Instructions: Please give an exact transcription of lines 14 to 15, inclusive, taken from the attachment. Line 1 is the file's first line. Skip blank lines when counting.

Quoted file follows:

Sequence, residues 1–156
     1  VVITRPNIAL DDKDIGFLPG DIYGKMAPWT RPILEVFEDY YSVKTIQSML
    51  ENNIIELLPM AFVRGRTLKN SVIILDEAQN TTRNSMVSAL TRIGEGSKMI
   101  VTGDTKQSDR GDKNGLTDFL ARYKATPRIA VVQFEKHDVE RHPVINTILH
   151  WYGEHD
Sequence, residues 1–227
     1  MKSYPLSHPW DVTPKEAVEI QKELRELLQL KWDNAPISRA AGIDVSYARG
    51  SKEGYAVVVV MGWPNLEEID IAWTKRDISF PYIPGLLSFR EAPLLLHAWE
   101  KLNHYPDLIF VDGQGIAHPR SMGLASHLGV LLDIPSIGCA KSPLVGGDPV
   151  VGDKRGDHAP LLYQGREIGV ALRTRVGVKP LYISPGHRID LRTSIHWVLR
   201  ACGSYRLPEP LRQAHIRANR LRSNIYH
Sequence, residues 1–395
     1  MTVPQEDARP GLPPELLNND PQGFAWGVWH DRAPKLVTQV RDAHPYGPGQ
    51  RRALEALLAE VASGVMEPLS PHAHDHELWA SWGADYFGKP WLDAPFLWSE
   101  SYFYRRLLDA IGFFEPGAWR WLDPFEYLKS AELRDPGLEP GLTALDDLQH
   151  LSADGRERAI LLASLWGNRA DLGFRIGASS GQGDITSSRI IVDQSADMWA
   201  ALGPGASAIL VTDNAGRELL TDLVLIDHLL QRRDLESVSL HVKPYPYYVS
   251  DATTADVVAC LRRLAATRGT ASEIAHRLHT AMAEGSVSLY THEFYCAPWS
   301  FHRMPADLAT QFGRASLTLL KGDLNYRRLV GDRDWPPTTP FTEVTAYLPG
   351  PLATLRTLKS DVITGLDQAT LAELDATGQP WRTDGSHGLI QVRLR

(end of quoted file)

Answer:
    51  RRALEALLAE VASGVMEPLS PHAHDHELWA SWGADYFGKP WLDAPFLWSE
   101  SYFYRRLLDA IGFFEPGAWR WLDPFEYLKS AELRDPGLEP GLTALDDLQH